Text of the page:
Water can be used to clean and rinse some jewelry, but is should be dried thoroughly afterward, especially before storing. Usually, though, a good rule of thumb is to keep your jewelry dry.
Cleaning Your Jewelry:
Jewelry is prone to getting dirty, dusty, smudged, dull, dingy and grimy from everyday wear. Lotions, soaps, cosmetics and even your natural skin oils and the air can oxidize or discolor mountings and create a film on gemstones or behind ring settings, thereby masking their brilliance. Simply clean your jewelry regularly and it will look as good as new. The frequency and method of cleaning you use depends on the jewelry piece and how often you wear it. Periodic professional cleaning is a good idea. In the interim, however, you can clean many of your jewelry pieces at home with a few simple, inexpensive methods.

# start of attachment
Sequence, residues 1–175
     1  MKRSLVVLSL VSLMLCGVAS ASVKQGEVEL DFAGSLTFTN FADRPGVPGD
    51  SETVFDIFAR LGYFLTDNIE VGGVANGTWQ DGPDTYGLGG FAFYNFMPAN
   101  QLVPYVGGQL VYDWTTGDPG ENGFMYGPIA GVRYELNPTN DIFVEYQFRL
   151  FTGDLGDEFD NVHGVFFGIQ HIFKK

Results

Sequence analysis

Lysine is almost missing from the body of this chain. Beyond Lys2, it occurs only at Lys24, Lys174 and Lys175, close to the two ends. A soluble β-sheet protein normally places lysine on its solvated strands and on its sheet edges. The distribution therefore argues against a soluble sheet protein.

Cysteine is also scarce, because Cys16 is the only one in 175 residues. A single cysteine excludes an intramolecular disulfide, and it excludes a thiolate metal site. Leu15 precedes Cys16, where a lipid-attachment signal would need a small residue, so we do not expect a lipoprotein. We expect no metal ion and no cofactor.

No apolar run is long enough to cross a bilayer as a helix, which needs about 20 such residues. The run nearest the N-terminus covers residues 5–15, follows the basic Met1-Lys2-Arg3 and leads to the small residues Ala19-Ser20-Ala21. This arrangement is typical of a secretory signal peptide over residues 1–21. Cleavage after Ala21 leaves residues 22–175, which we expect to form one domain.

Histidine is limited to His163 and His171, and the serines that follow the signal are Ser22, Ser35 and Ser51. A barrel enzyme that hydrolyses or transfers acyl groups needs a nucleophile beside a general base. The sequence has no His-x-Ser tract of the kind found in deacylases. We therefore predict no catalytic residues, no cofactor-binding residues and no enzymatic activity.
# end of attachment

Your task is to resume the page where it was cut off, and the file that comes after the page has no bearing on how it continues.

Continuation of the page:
Bath Method: Fill a small bowl with warm water and mild household liquid detergent, creating suds. Brush the jewelry with a soft brush, such as an old toothbrush or an eyebrow brush, creating a lather. Try to brush under the stones and in between prongs. Using a metal or plastic strainer, rinse off the pieces with warm water. Make sure the sink has a stopper in place. Pat the items dry with a soft, lint-free cloth.
Cold Soak Methods:
Method 1: Prepare a solution of four parts cold water and one part mild dishwashing detergent. Soak the jewelry for a few minutes, then lift it out and tap gently on all sides of the mounting with a soft brush. Rinse the items in the solution once more and then drain on tissue paper.
Method 2: Make a solution of equal parts cold water and household ammonia. Soak the pieces half an hour. Remove them from the solution and tap gently around the mounting with an old soft toothbrush. Then, rinse the pieces in the solution once more and drain them on tissue paper.